The belief in the supremacy of Vishnu is based upon the many avatars (incarnations) of Vishnu listed in the Puranic texts, which differs from other Hindu deities such as Ganesha, Surya or Durga.

In the Krishnaism branch of Vaishnavism, such as the Gaudiya Vaishnava, Nimbarka and Vallabhacharya traditions, devotees worship Krishna as the One Supreme form of God, and source of all avatars, Svayam Bhagavan.

The tradition is notable for its avatar doctrine, wherein Vishnu is revered in one of many distinct incarnations.

Vishnuism believes in Vishnu as the supreme being, manifested himself as Krishna, while Krishnaism accepts Krishna to be Svayam bhagavan or "authentic", that manifested himself as Vishnu.

As such Krishnaism is believed to be one of the early attempts to make philosophical Hinduism appealing to the masses.

Bhakti poets or teachers such as Manavala Mamunigal, Namdev, Ramananda, Surdas, Tulsidas, Eknath, Tyagaraja, Chaitanya Mahaprabhu and many others influenced the expansion of Vaishnavism.

Even Meera bai(princess of Mehwar and Rajasthan)took part in this specific movement.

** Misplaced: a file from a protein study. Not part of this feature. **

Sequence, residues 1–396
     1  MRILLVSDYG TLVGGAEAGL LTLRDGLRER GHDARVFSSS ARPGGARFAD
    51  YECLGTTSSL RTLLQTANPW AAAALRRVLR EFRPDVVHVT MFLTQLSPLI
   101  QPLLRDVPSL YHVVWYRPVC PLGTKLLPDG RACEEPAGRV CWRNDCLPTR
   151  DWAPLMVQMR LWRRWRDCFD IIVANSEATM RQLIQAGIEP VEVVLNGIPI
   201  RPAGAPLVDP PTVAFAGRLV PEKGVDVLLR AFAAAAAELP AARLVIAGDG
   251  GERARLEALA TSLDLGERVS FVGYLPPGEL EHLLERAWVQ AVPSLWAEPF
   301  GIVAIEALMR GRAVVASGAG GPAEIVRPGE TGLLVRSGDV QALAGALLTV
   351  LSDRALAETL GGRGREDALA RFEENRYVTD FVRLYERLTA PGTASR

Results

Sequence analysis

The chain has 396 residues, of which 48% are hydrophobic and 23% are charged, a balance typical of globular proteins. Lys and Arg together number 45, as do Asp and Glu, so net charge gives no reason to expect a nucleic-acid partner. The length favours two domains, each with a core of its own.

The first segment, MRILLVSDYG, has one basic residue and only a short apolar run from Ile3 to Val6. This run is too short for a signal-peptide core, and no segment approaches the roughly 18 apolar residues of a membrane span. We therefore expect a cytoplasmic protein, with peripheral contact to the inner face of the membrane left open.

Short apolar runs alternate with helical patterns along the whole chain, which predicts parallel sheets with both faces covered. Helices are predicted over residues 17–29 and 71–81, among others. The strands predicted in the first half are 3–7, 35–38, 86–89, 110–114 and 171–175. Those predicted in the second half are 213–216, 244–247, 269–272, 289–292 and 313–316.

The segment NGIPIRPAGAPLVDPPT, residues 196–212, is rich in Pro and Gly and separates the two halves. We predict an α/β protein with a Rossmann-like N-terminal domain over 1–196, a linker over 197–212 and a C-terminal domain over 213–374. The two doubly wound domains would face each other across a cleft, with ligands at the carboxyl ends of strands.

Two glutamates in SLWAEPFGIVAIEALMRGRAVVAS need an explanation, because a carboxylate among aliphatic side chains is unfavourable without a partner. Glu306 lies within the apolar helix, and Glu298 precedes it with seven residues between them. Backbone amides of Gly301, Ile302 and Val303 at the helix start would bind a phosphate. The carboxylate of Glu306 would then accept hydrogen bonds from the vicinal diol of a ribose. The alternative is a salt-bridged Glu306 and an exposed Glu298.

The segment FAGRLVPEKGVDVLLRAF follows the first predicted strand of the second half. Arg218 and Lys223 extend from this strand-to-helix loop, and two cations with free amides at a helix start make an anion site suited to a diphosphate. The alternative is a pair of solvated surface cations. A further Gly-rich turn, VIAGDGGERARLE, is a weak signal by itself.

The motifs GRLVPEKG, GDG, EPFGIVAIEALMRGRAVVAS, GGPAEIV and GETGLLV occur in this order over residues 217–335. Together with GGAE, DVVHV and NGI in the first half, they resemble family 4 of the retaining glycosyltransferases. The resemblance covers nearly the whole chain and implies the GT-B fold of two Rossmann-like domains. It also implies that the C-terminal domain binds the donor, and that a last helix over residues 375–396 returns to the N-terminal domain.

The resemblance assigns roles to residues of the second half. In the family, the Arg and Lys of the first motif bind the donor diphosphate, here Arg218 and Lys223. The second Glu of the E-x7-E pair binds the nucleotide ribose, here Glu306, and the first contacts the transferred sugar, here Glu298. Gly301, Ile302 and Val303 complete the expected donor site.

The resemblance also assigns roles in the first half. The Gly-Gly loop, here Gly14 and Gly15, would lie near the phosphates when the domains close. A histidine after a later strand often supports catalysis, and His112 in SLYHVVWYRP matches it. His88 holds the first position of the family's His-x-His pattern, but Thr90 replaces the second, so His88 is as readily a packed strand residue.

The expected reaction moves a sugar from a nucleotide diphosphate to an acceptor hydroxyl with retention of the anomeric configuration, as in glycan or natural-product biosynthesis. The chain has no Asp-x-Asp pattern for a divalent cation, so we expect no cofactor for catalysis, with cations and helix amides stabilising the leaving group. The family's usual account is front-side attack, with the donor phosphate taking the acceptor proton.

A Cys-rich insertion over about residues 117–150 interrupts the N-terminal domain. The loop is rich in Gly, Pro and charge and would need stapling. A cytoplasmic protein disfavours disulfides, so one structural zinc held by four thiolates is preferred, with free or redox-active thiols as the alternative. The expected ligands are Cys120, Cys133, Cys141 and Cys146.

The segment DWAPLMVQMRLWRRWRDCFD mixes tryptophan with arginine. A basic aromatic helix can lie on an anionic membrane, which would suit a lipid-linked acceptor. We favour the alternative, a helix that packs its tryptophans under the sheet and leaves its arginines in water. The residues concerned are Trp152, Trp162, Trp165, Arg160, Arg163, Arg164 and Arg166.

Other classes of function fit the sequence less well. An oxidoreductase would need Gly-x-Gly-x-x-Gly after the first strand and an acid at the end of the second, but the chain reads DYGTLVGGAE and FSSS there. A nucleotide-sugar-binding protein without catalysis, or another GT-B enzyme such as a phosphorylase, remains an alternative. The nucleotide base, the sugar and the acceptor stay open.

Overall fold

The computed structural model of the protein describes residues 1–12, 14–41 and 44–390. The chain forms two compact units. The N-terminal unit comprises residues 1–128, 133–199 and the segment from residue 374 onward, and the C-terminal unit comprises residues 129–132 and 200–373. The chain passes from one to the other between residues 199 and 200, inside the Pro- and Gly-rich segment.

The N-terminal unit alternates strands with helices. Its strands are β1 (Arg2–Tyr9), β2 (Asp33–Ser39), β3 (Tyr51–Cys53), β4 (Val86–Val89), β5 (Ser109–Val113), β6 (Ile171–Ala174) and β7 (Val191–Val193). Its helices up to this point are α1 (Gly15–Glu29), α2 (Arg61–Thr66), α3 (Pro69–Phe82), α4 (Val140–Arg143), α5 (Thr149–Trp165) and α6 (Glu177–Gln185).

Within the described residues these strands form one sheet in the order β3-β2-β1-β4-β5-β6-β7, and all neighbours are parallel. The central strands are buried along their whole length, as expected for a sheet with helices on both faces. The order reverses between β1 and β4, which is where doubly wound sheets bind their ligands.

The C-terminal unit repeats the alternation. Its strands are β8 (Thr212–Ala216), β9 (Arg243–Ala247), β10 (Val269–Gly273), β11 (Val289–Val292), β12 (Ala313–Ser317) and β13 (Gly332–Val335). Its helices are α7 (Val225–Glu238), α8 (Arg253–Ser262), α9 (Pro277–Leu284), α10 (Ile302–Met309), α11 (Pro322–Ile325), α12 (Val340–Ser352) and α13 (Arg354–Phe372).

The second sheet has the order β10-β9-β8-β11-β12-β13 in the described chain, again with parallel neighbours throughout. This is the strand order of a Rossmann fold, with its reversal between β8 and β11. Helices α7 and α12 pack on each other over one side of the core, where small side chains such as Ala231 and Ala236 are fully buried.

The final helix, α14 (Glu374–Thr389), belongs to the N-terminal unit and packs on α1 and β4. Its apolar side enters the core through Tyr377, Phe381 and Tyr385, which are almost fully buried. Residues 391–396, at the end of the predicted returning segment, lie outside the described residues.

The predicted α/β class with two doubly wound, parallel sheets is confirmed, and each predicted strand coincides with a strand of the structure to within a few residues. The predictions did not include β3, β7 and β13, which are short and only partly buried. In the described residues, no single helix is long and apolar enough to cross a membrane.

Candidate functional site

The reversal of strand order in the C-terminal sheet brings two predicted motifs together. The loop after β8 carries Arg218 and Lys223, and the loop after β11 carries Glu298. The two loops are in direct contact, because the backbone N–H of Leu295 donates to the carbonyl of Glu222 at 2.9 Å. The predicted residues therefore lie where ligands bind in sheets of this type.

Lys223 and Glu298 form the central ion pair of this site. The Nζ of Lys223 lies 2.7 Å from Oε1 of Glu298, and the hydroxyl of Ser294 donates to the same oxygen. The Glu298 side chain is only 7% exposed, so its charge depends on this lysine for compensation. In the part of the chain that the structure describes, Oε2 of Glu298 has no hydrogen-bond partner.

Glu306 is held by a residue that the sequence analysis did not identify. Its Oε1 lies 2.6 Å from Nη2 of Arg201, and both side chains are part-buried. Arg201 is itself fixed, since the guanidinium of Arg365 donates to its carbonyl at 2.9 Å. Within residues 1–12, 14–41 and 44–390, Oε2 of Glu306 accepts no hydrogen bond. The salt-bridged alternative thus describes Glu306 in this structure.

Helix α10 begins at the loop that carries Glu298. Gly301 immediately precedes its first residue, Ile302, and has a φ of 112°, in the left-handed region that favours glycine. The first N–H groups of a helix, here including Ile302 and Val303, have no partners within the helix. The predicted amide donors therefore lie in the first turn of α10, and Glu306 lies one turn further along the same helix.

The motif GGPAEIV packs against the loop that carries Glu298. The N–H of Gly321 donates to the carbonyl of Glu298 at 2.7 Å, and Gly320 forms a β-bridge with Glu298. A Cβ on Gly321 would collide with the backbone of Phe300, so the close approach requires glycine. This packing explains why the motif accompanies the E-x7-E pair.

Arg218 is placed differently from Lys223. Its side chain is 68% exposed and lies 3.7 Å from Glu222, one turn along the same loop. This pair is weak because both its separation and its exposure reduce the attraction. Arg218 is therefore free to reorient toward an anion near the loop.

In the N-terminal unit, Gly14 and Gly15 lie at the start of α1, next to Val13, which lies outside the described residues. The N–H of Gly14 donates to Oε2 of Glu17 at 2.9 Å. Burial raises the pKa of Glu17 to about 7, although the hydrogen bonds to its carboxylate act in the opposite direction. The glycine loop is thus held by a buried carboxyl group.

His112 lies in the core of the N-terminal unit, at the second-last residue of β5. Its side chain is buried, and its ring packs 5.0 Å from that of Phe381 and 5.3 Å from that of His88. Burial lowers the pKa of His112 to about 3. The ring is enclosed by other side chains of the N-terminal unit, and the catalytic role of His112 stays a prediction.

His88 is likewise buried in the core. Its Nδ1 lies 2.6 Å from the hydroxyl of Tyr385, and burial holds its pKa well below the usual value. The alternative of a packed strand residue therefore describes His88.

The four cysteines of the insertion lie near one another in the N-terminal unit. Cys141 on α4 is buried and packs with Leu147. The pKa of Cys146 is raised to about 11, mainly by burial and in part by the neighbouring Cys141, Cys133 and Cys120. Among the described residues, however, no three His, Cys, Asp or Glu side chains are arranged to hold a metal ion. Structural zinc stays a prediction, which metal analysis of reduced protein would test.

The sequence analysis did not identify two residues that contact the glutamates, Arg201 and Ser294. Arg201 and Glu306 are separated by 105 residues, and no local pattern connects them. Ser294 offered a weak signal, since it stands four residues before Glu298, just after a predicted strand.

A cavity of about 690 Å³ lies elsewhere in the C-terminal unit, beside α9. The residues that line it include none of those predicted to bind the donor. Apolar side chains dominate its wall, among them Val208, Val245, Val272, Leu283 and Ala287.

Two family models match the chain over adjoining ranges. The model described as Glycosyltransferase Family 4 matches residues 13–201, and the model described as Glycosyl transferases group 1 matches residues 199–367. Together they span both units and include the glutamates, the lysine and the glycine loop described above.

The Bhagavad Gita was incorporated into the Mahabharata as a key text for Krishnaism.

This complex history is reflected in the two main historical denominations of Vishnavism.In common language the term Krishnaism is not often used, as many prefer a wider term "Vaishnavism", which appeared to relate to Vishnu, more specifically as Vishnu-ism.In Vishnu-centered sects Vishnu or Narayana is the one supreme God.Rama, Krishna, Narayana, Vāsudeva, Hari, Vithoba, Kesava, Madhava, Govinda and Jagannath are among the popular names used for the same supreme.Vaishnavism originates in the latest centuries BCE and the early centuries CE, as an amalgam of the heroic Krishna Vasudeva, the "divine child" Bala Krishna of the Gopala traditions, and syncretism of these non-Vedic traditions with the Mahabharata canon, thus affiliating itself with Vedism in order to become acceptable to the orthodox establishment.Vaishnavism (Vaishnava dharma) is one of the major traditions within Hinduism along with Shaivism, Shaktism, and Smartism.